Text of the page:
Provided by Eat This, Not That! harvest bowl
The easiest hack for losing weight and belly fat would be one that's so effortless and so enjoyable that you don't even have to think about doing it. But healthy living rarely accommodates such hedonistic fantasies. To lose requires loss, giving up or at least replacing that which causes gain, namely calorie-dense food and drink.
But the best way to lose weight isn't to think about dieting in terms of replacement but rather addition. According to Andrea Ovard, RDN, a registered dietitian nutritionist and certified specialist in sports dietetics for idealfit.com, the easiest hack for weight loss is to eat two servings of vegetables a day.
"Eat at least 2 cups of vegetables every day," Ovard says. Do it until it becomes a habit, like brushing your teeth.
The number one reason why adding or making sure you eat two servings of vegetables a day is that these foods are typically low in calories and high in fibertwo characteristics that help you to feel fuller for longer and help you eat fewer calorie-dense foods.
"Vegetables are nutrient-dense but usually very low in calories, which means you can eat A LOT of veggies to help you feel full while consuming very few calories. They also contain a lot of fiber, which is important in helping keep you full longer."
Related: 100 Unhealthiest Foods on the Planet.
When you fill up on fiber-rich vegetables first during a meal, you won't overeat the calorie-dense part of dinner, and you won't have room for a sugary and fatty dessert, she says. "That strategy aids in weight loss."
It may not come as a surprise, but eating fewer calorie-dense foods is a key tenet of losing weight. Consider what Harvard School of Public Health researchers found in a study of more than 120,000 healthy men and women reported in The New England Journal of Medicine in 2011.
The study analyzed changes in diet and lifestyle and weight gain every four years for 20 years. The average weight gain among participants was 3.35 pounds during each 4-year period, which amounts to a gain of 16.8-pounds over the course of the study. Researchers found that participants' weight gain was most strongly associated with calorie-dense foods that are higher in starches, refined grains, fats, and sugars.
The number one food linked to weight gain was potato chips, followed by potatoes, sugar-sweetened beverages, and red meats (both processed and unprocessed). The study also found that certain foods were associated with less weight gain when participants ate more of them. You can guess what they are. (Hint: many of them are the foods Ovard recommends you eat to lose weight). In order of least weight gain was vegetables, whole grains, fruits, nuts, and yogurt. So as you can see, vegetables were the food group that helped participants stave off the most weight over the course of two decades.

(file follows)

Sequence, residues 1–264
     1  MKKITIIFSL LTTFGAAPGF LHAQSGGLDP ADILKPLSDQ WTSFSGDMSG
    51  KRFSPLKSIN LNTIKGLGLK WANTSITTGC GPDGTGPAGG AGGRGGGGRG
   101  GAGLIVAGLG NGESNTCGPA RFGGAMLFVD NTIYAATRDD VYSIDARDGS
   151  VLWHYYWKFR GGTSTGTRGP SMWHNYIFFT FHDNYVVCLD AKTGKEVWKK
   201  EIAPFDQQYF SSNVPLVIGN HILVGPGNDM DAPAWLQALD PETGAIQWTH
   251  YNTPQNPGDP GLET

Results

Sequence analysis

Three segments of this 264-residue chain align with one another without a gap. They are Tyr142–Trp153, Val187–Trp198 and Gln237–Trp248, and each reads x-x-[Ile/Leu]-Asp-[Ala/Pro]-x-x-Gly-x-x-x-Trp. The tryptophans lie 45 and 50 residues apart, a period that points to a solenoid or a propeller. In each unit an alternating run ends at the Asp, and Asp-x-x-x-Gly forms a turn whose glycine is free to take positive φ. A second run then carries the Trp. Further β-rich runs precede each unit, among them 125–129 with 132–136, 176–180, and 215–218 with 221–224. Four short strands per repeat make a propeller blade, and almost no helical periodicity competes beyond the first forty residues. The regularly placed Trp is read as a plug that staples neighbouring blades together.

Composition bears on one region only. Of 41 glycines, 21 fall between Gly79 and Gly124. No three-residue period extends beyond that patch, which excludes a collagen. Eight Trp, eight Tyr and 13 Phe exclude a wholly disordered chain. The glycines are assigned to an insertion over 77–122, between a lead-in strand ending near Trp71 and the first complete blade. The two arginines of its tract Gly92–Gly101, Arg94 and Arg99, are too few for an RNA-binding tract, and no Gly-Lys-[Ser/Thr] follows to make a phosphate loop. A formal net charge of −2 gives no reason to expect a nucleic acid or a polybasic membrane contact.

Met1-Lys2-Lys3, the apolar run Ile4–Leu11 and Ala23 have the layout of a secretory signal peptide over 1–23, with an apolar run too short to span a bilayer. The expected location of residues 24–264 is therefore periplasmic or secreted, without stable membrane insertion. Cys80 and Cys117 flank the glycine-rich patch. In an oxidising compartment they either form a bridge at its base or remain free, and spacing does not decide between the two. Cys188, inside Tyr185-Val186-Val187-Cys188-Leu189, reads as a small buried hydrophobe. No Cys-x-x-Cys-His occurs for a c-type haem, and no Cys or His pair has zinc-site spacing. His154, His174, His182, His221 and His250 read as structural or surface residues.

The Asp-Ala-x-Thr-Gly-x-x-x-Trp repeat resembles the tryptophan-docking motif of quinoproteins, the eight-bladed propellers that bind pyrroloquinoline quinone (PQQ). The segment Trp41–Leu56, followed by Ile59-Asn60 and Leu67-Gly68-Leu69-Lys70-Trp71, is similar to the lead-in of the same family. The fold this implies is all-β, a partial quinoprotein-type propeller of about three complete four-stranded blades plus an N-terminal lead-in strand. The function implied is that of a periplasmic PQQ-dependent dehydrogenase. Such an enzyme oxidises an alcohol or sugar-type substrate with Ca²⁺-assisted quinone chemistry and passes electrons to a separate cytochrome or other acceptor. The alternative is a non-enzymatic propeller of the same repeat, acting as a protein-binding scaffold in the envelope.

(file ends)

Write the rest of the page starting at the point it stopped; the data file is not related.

The bottom line, the researchers suggested, is that focusing on high-quality foods and beverages and limiting poor quality (cheap, processed) foods is the most useful way to consume fewer calories and managing your weight.
OK, so what's the easiest practical hack for eating more high-quality, lower-calorie foods so that they elbow the poor-quality stuff off your plate? Ovard has some tips:
If you don't like the taste of some raw vegetables, try new ways of cooking them. "Try them roasted; it's a totally different experience as they're so good," says Ovard.
Dip them in hummus. Dunking raw vegetables into dips isn't a bad thing. It can add extra flavor and you're still getting a lot of healthy nutrients and fiber from the produce. Choose healthier dips like hummus that are high in protein.
Hide them. "Mix spinach and cauliflower into a smoothie, casseroles, and mac 'n' cheese; you won't even taste them," says Ovard. "Load up your fajitas, tacos, burgers and pizza with a ton of vegetables."
Ovard likes to focus on vegetables that provide the most fiber and nutrients, like carrots (3.6 grams of fiber per cup), spinach (4 grams per cup), broccoli (2.5 g) and artichokes (7 g).
The benefits of these foods extend beyond their fiber counts. Carrots are high in vitamin A for good vision, spinach is a great source of magnesium, which is important for energy metabolism, and artichokes are rich in disease-fighting folate, vitamin C and vitamin K.
Planning ahead can make it even easier to boost your vegetable eating. Ovard recommends trying a Harvest Bowl. It includes a base of brown rice; vegetables like sweet potatoes, brussels sprouts, bell pepper; and proteins like chickpeas and chicken. One serving of this delicious meal hits your two-cups-of-veggies quota.
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